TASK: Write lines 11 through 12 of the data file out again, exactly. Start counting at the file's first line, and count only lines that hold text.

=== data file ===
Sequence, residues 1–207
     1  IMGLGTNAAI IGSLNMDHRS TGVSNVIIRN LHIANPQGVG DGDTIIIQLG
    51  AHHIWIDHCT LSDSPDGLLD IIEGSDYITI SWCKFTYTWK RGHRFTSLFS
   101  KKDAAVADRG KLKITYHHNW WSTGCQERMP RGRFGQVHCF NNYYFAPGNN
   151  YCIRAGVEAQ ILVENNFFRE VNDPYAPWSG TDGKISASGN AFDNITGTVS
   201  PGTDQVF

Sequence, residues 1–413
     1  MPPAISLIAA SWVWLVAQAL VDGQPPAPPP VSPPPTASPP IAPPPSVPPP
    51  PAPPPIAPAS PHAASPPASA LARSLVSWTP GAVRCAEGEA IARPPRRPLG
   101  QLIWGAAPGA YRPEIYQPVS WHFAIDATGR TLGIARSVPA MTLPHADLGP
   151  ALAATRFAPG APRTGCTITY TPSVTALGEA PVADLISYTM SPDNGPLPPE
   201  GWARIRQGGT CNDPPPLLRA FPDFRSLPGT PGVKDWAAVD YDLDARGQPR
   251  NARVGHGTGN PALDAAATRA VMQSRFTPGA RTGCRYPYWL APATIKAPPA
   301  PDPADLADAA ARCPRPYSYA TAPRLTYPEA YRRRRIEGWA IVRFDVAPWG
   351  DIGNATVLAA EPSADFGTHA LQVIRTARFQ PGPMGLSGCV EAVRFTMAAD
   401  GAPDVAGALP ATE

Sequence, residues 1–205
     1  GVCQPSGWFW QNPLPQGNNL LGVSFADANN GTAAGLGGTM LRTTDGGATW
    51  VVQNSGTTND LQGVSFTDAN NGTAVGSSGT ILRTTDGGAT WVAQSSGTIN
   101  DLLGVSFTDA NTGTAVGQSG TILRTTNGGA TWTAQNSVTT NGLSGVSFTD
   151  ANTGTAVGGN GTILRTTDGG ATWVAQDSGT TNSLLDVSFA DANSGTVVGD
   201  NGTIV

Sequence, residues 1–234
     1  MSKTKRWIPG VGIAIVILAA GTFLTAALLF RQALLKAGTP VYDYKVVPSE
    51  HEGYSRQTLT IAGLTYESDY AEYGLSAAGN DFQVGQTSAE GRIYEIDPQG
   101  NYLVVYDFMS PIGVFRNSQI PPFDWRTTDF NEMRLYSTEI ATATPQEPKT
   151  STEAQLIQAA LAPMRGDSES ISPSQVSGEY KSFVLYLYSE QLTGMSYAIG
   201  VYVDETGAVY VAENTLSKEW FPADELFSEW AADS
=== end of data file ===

   151  ALAATRFAPG APRTGCTITY TPSVTALGEA PVADLISYTM SPDNGPLPPE
   201  GWARIRQGGT CNDPPPLLRA FPDFRSLPGT PGVKDWAAVD YDLDARGQPR